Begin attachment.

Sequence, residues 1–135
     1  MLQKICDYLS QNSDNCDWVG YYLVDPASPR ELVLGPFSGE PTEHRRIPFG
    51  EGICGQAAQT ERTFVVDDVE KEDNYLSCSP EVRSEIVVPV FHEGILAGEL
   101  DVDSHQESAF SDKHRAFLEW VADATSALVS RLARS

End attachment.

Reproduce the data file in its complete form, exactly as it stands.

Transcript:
Sequence, residues 1–135
     1  MLQKICDYLS QNSDNCDWVG YYLVDPASPR ELVLGPFSGE PTEHRRIPFG
    51  EGICGQAAQT ERTFVVDDVE KEDNYLSCSP EVRSEIVVPV FHEGILAGEL
   101  DVDSHQESAF SDKHRAFLEW VADATSALVS RLARS